Digital banking means better banking for billions of people

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Banks with a platform that allows them to adapt to continuous change will be able to make banking better for billions more people and also help de-risk economies.

Banking today is unrecognizably better for hundreds of millions of people than it was even 10 years ago. In 2010, payments took days instead of minutes to clear; no one had heard of a banking app, let alone installed one on their phone; retail banks relied on high-street branches; fraud mitigation was manual, based on rules; and data was heavily siloed in departments, slowing decisions and stopping it from being used to reduce risk.

Some of the ways in which banking has changed are trivial: I once queued for hours to open an account and had to send a fax to reset a pin code; today that can all be done online in minutes. Some changes are more fundamental, such as the use of artificial intelligence to spot and stop fraud, or data analytics to cut risk in loan approvals.

SMEs, the backbone of any economy, are some of the big winners in this new world of open banking and digital financial services.

Companies who are too small to have a fully-fledged finance department have often had to jump through hoops to find out what bank products are best for them. Today, digital banks such as OakNorth and New10 specifically target SMEs by offering services that add value – such as cashflow analysis and timely instant loans.

Advances in banking have been made possible thanks to new technology – and fintechs offering commoditized, affordable uses for that new technology. These organizations provide payment services, customer identity verification, business intelligence solutions, forex services, credit checks, point-of-sale credit and much more. And new solutions are launched all the time, with the aim of making banking even better for many millions more customers.

Good news for customers

But as time goes on, the very definition of “better banking” evolves, too. New services become possible, available and eventually desirable. And if other industries much further down the road in their digital journey – such as media, telecoms and retail – are anything to go by, change in banking is only going to continue to gather pace. The digital banking genie is truly out of the bottle.

Ultimately, we’re heading towards banking as a utility. It won’t matter whether the financial services are provided by a telco, retailer, bank or another kind of company. Instead it will be how banking and banking-like services are integrated into our lives or businesses that counts.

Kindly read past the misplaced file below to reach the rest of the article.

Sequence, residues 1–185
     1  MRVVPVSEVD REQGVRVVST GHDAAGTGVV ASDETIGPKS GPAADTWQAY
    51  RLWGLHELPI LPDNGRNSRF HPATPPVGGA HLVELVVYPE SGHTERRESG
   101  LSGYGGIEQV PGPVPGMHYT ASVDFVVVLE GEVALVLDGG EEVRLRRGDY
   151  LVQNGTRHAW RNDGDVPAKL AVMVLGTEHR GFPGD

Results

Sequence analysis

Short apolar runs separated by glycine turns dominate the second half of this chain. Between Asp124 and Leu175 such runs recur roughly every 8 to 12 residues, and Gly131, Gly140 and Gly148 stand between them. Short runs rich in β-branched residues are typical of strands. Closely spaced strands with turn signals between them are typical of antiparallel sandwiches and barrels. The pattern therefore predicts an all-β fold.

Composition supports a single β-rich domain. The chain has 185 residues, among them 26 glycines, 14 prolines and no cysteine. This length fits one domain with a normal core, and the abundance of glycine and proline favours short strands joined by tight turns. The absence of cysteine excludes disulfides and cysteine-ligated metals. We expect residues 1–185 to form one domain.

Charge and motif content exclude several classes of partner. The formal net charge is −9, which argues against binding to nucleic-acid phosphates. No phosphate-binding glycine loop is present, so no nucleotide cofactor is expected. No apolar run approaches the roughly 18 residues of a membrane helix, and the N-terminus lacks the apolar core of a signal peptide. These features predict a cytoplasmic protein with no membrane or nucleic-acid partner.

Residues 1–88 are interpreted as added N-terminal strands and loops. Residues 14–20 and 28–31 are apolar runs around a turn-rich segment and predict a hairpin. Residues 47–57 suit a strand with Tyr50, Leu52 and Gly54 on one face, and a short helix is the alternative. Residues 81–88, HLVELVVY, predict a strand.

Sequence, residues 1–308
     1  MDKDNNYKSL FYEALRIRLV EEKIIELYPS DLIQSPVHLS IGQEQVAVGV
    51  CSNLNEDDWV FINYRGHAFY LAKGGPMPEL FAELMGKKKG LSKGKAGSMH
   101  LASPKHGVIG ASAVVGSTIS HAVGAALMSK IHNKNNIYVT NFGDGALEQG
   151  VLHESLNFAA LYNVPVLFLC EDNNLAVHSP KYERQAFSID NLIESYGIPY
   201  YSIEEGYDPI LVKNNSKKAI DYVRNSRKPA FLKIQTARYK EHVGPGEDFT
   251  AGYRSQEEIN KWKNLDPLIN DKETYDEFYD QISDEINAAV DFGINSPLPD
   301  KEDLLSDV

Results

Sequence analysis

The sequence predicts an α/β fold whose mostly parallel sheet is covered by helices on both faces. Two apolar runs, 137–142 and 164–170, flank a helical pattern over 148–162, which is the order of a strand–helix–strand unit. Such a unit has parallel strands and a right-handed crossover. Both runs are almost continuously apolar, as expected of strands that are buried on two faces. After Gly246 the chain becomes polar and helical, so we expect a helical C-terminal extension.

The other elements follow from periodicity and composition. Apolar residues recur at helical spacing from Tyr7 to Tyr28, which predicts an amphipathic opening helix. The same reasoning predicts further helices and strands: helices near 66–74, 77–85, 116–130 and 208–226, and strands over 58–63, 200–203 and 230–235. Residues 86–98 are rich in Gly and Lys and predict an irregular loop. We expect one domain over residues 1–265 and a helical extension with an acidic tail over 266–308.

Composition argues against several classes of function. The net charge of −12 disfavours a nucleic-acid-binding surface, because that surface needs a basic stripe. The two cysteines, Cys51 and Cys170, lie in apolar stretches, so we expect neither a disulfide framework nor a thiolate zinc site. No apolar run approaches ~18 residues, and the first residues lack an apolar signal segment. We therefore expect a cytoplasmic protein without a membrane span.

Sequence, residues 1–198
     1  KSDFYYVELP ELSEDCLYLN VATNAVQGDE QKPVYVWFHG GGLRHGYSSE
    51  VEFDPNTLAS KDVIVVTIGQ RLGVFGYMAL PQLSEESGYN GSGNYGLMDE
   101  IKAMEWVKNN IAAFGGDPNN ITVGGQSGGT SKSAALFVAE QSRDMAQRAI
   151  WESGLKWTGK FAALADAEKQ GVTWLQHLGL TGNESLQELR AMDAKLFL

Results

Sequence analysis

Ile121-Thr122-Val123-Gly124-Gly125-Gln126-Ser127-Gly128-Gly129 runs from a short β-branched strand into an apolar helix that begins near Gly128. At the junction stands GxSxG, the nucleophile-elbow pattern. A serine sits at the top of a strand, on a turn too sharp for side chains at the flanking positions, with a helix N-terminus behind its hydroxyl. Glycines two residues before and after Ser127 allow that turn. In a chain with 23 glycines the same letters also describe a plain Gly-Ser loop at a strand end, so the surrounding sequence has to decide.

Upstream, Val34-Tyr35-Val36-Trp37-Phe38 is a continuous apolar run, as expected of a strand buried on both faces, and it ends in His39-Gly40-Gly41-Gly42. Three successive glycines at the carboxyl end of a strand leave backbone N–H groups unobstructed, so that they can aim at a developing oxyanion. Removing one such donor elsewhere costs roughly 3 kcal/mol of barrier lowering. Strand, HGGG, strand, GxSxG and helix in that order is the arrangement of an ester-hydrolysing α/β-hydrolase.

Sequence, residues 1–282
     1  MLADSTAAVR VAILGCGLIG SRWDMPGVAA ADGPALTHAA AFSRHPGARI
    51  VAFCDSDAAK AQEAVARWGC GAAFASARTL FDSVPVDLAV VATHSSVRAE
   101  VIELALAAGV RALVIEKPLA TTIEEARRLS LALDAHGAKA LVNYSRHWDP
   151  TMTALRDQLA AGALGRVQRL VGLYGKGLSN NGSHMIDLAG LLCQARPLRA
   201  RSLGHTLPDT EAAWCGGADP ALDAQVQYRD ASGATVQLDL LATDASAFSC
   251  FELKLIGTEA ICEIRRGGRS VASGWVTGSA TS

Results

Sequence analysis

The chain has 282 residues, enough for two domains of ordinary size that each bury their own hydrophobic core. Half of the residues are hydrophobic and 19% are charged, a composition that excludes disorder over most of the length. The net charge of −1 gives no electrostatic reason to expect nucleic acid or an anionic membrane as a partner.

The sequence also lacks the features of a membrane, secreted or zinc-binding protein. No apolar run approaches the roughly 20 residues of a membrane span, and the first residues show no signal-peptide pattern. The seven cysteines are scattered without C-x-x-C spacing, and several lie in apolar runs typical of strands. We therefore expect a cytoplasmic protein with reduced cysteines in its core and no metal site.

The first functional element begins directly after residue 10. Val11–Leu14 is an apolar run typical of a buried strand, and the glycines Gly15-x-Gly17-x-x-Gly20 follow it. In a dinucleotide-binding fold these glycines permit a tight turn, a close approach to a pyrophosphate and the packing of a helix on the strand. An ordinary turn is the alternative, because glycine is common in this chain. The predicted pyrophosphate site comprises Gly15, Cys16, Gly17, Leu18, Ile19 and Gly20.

Already, there are many companies without banking licenses offering useful banking-type services: digital wallets like PayPal, where customers can store funds and make payments; supermarket loyalty schemes, where the customer can spend the points in store or with partners; or airmiles, which can be spent buying flights or access to airport lounges. All are good examples. It seems likely that more such services will become available, so long as they follow regulators’ rules that protect consumer interests.

All this is good news for customers, who get more suitable products and services and a better experience right at the point where they need it. It is also good news for national economies. A dynamic banking sector with carefully focused regulation and many, rather than a few, very large players is more stable. If one or even a number of banks becomes distressed, there is less risk of systemic failure overall.

As economies, society and technology continue to evolve, adapting becomes a Sisyphean task. It never stops. Banks must be set up to run at the pace of digital change. Being agile – with the ability to change according to need – is a prerequisite to survival. That is the philosophy behind the technical and business decisions banks make when they follow a composable strategy.

Better banking for millions

As an industry, we need to enable better banking, to allow banks to be agile and flexible as digital takes a firmer hold. If banks can’t adapt to change, they can’t respond to the market competition, the macro environment – such as interest-rate changes or the impact of Covid-19 – or new technology from fintechs.

Banks willing to adapt their thinking and take a digital approach can benefit from the same opportunities and expect similar rewards. By being able to leverage their balance sheets, they also have a distinct advantage over neo and challenger banks when it comes to navigating a rapidly evolving market.

Whether you’re a challenger bank starting with a clean sheet or an incumbent with a digital strategy, agility and adaptability are key when building a digital technology platform. And that means a platform that is open to allow for collaboration. By commoditizing the basics, together we can create an environment that enables the next wave of innovation.

The next big shift in banking, coming around 2025, will be based on changes in consumer behavior – when millennials and Generation Z will make up the majority of the workforce. These generations of digital natives interact with technology very differently and their expectations will drive change not just in retail but in business banking, too. Although many are still too young to have bank accounts, they are already used to sending and receiving payments via money apps like gohenry, making them less reliant on traditional banks and more open to services provided by fintechs.

The evidence to date is that change is making banking better for millions. There’s no reason why that is going to stop, so let’s make it better for billions in the years to come. The responsibility is on the players to make sure they can run with it.

Eugene Danilkis, chief executive, Mambu

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